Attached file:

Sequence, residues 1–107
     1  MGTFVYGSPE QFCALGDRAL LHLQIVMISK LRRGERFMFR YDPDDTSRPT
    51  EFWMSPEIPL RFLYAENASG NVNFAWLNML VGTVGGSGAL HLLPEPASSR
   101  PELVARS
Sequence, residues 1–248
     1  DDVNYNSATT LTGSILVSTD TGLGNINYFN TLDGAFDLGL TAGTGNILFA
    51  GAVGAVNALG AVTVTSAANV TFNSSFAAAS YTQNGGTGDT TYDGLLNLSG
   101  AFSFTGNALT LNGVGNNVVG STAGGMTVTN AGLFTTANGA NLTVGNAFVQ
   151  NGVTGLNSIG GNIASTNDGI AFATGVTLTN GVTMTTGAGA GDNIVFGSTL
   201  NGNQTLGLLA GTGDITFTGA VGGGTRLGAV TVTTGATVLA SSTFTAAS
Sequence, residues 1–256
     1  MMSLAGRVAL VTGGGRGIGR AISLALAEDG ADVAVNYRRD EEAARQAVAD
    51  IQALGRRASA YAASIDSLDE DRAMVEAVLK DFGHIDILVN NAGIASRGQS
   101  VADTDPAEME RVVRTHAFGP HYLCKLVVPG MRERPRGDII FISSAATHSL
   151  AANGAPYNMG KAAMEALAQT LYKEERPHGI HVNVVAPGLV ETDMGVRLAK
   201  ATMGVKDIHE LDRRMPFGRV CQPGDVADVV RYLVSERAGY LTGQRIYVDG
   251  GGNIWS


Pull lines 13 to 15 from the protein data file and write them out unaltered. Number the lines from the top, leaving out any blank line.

    51  IQALGRRASA YAASIDSLDE DRAMVEAVLK DFGHIDILVN NAGIASRGQS
   101  VADTDPAEME RVVRTHAFGP HYLCKLVVPG MRERPRGDII FISSAATHSL
   151  AANGAPYNMG KAAMEALAQT LYKEERPHGI HVNVVAPGLV ETDMGVRLAK